For many years cocoa butter was something you read on an ingredient label. These days, it pops up more and more in health food stores as well as in recipes for yummy desserts. It is all part of the growing interest in this beloved plant we call chocolate. Considered a vegetable fat, cocoa butter is a pure, stable fat that is pressed out of cacao beans. It has been used for ages as the solid to make white chocolate, as well as other chocolate bars. It holds together at room temperature providing that ideal candy bar crispness. It has a mild chocolate taste and flavor, and carries only trace amounts of the caffeine, theobromine, or nutritive elements found in chocolate.
Cocoa butter is ideal for beauty care products as well since it stays solid at room temperature, has naturally occurring antioxidants which prevent rancidity (giving it a shelf life of years), and melts onto the skin in a velvety smooth, pleasing way. Cocoa butter is perfect for salves, lotions, lip balm, and some make up.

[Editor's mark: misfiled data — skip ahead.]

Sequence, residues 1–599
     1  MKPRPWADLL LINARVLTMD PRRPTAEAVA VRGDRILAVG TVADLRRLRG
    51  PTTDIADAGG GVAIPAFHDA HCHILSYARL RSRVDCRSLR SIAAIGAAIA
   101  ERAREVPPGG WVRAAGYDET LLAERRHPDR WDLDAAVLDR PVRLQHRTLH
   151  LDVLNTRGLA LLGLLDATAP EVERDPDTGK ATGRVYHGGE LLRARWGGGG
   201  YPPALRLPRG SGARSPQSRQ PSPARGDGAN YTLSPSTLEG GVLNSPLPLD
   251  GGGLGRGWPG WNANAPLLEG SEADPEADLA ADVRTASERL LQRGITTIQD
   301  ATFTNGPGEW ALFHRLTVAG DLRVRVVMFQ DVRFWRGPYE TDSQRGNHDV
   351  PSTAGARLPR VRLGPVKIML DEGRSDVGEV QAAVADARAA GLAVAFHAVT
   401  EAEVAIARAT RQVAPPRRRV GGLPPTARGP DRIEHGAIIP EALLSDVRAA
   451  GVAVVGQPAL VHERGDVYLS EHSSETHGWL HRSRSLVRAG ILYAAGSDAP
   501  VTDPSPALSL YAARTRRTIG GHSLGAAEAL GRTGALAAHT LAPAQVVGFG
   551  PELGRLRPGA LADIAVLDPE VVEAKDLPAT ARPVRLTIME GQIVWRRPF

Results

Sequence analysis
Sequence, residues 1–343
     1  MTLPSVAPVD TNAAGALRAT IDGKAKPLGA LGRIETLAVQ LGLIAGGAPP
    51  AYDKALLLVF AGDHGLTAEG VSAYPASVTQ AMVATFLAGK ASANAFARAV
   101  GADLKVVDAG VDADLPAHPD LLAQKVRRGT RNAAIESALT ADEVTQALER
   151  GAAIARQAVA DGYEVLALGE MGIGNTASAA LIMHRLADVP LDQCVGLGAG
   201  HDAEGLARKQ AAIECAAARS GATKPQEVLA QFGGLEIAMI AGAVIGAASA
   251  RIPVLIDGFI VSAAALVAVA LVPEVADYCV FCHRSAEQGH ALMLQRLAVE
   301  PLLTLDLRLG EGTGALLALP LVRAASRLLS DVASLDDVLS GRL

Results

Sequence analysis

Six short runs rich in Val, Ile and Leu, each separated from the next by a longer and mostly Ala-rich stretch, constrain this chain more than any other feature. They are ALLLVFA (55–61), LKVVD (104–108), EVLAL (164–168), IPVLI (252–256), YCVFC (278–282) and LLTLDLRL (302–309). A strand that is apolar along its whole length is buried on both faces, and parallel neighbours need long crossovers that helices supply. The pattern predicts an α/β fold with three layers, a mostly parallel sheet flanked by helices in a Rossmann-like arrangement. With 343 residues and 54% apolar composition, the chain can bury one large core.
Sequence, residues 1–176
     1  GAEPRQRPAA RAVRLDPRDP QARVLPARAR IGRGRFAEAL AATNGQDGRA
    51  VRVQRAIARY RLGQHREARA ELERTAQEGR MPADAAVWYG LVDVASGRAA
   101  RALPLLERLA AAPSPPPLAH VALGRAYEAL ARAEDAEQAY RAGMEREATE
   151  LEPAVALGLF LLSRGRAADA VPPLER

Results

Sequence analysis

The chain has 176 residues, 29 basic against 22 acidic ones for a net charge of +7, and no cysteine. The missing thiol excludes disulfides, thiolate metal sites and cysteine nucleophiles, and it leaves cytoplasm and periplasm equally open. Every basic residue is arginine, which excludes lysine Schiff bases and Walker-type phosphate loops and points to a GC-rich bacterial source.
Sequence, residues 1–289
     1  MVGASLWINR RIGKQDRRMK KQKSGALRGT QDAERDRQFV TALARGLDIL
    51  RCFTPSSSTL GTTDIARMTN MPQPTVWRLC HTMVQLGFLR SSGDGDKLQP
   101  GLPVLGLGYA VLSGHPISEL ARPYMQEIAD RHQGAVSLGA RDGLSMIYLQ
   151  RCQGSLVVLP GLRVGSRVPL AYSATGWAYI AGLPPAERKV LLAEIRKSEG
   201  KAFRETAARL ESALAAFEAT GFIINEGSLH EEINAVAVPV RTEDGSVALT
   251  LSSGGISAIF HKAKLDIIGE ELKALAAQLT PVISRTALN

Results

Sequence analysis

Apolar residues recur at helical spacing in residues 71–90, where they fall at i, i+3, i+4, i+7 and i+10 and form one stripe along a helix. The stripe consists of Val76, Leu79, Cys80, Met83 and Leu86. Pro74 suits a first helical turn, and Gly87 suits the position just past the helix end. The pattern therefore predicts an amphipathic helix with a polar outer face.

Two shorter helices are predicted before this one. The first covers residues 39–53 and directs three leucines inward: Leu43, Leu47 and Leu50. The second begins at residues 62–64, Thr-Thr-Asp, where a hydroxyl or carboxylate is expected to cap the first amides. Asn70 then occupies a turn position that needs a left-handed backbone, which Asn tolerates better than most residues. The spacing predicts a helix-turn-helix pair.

The Cacao Difference
In recent years, to keep up with the growing interest in raw foods, manufacturers are producing raw cacao butter. The essence is the same, but the process is slowed down to ensure temperatures don't exceed about 115°F. The reason for the difference in spelling is probably just to match what raw foodists have been seeing for years on product labels. Cacao has always been the word of choice for raw food products to distinguish itself from the roasted bean products.